A non-competition agreement raises state-law public policy concerns. As a result, states often restrict the scope of non-competition agreements before they will enforce them. The protectable interests that states will recognize, the rules of construction that states will apply and the required elements of a non-competition agreement will vary from state to state. You may adhere to general guidelines in drafting non-competition agreements, but you should always consult local law.
Most jurisdictions disfavor non-competition agreements as a matter of public policy because they view such agreements as a restraint of trade. Broader language places a heavier burden on the employer to justify the restrictions whereas narrowly tailoring the language of a non-competition agreement reduces the risk that a court will construe the agreement to unnecessarily restrain trade.
Many jurisdictions use a balancing test that weighs the employer’s justification for the restriction or the employer’s protectable interest against the employee’s interests or ability to earn a living. Generally, courts will enforce non-competition agreements where the employer substantiates a protectable interest on the facts presented and the employee agreed to language that was narrowly drafted to protect the employer’s interest. Drafters of non-competition agreements should consider:
- Whether the protectable interest is something that would give the employee an unfair competitive advantage
- Whether the potential unfair competition would cause irreparable harm to the employer
- Whether a less restrictive option exists to protect the employer’s interest
In order to draft a non-competition agreement that a court is likely to enforce in the event an employee does not uphold the employee’s end of the bargain, employers should follow these best practices:
In Ohio, for example, non-competition agreements which are reasonable are enforceable and those which are unreasonable are enforced to the extent necessary to protect an employer’s legitimate interests. The seminal Ohio case is Raimonde v. Van Vlerah, decided by the Ohio Supreme Court in 1975. The Ohio Supreme Court held that “[a] covenant restraining an employee from competing with his former employer upon termination of employment is reasonable if the restraint is no greater than is required for the protection of the employer, does not impose undue hardship on the employee, and is not injurious to the public.” The Ohio Supreme Court also made it clear that “[c]ourts are empowered to modify or amend employment agreements to achieve” a reasonable covenant between the parties.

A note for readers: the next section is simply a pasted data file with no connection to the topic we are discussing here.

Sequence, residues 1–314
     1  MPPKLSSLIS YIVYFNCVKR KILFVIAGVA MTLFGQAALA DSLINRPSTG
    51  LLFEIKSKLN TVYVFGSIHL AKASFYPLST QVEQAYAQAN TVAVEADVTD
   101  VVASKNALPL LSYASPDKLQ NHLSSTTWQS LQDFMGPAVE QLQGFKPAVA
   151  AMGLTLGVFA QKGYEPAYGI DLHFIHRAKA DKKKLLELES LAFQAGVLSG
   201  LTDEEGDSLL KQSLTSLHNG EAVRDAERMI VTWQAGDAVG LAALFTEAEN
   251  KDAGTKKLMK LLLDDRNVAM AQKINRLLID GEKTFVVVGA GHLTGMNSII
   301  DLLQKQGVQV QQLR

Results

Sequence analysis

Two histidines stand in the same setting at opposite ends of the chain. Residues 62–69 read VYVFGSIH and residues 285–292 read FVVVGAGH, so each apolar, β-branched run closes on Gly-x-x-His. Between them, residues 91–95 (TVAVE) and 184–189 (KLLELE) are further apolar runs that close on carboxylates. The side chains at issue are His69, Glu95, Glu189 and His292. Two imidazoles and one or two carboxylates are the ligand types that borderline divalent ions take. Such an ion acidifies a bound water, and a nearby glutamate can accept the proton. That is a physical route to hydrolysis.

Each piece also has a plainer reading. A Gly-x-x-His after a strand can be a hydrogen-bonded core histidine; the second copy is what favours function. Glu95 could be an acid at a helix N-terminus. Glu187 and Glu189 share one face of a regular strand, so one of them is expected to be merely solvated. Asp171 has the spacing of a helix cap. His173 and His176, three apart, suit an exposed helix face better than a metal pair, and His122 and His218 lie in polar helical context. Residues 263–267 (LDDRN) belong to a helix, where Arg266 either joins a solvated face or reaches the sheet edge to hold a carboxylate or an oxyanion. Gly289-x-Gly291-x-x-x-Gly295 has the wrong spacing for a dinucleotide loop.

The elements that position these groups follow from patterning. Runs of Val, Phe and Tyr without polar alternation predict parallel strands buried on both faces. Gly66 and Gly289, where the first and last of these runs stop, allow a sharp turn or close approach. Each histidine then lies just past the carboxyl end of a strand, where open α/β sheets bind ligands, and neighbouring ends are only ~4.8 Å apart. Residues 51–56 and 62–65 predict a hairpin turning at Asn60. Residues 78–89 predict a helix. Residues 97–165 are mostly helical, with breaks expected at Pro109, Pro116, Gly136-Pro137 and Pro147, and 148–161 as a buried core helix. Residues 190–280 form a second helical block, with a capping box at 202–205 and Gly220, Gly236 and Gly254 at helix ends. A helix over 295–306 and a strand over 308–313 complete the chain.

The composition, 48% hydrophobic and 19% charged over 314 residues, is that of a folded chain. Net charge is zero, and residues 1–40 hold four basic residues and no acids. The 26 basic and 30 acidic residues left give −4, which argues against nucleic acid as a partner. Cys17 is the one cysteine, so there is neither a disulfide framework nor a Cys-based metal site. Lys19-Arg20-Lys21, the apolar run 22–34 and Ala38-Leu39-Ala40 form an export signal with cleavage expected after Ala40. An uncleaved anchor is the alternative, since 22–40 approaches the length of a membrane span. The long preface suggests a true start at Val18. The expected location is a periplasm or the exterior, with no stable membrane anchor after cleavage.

- Identify an employer’s legitimate protectable interests
- Identify the particular type of employee at issue
- Identify the level of restriction necessary based on the type of employee at issue
- Identify choice of law and venue
To be enforceable, restrictive covenants must be “reasonable.” The reasonableness test in most states focuses on three factors—the scope of activity prohibited, the duration of the covenant and its geographic scope. These factors are measured against the employer’s purported legitimate interest in enforcing the restrictive covenant. A restrictive covenant must not be more restrictive than necessary to protect the purported legitimate interest or rationale for imposing the restrictive covenant or it will amount to an illegal restraint of trade.
Examples of these factors include the following:
Some states have statutory time ranges for a restrictive covenant while other states restrict the restrictive covenant for a period of time for which the interest to be protected is reasonably expected to be worthy of protection or for so long as the information remains a trade secret or confidential.
The larger the geographic area in which an employee is prohibited from working, the more likely the agreement is unreasonable. Some states will balance the restraints and protected hardships on the employee with the legitimate interests of the employer.
Most courts will enforce a geographic restriction to an area in which the employee worked or for which the employee was responsible. Accordingly, non-competition agreements will often refer to such an area as a territory.
Most courts enforce restrictive covenants that limit the geographic restriction to an area in which the employee worked or for which the employee was responsible. Often the contracts will define the area in which the employee worked as a territory. As business has expanded onto the internet and customers are sought far beyond the physical presence of the company, courts have viewed broader geographic restrictions as reasonable.
A restrictive covenant can express geographic limitations in territory terms or mileage boundaries. If mileage boundaries are used, identify a specific rationale for the particular distance chosen.
Drafting non-competition agreements require forethought and analysis of applicable state law to ensure enforceability. One size does not fit all when drafting non-competition agreements and drafters need to ensure that the interests of the employer and the employee are balanced and that reasonable restrictions are set forth in the agreements.